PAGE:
2

Occasionally one sees the word 撒币 in modern media and google translate translated it as "Sprinkle coins", which I think is inaccurate: does it not mean "to squander"? I failed to find this word "撒币" in a formal dictionary. Is it considered as a proper word which is acceptable in formal writings?

3

Wiktionary

Verb

撒幣

(derogatory, slang) to invest or give (as financial help) a large amount of money to foreign countries

And:

Etymology

From earlier 大撒幣, a pun based on near-homophone 大傻屄 (“big dumbfuck”).

  • Both 撒币 and 大撒币 can mean spending large amounts of money while also being euphemisms for 傻屄 and 大傻屄, depending on the context.

E.g.:

NTDTV

相信北京当局在短期内不太可能继续在国际上“大撒币”。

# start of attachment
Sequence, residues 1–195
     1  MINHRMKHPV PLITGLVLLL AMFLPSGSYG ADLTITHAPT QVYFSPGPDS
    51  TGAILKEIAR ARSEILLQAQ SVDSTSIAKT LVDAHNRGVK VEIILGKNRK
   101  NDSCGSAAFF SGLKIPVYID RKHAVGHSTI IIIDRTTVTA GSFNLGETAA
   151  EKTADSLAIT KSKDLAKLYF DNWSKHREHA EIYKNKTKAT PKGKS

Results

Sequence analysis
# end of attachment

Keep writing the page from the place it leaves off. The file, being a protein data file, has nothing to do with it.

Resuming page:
| improve this answer | |
2

When you type fuck, some website may change it into ****. To avoid that you might type fark instead of fuck. In China you can't type 傻逼, otherwise the website will change it into **** or even just screen it. To make sure those people understand what we want to say to them, we use 撒比 or 撒币 instead. They sound like 傻逼 but appear just like a normal word, so it would not be screened. Thus people know what we really want to type.

| improve this answer | |
0

No. Fair to say that's one of the internet words. (can find the meaning from comments)

As some people type words with mistakes in early ages (or sometimes happens for slight different pronunciation among different areas in China), but got massive attention/imitation online, and, booom, a new word born.

Now some words even indicate some kind of identity for different generations.

| improve this answer | |

Your Answer

By clicking “Post Your Answer”, you agree to our terms of service, privacy policy and cookie policy

Not the answer you're looking for? Browse other questions tagged or ask your own question.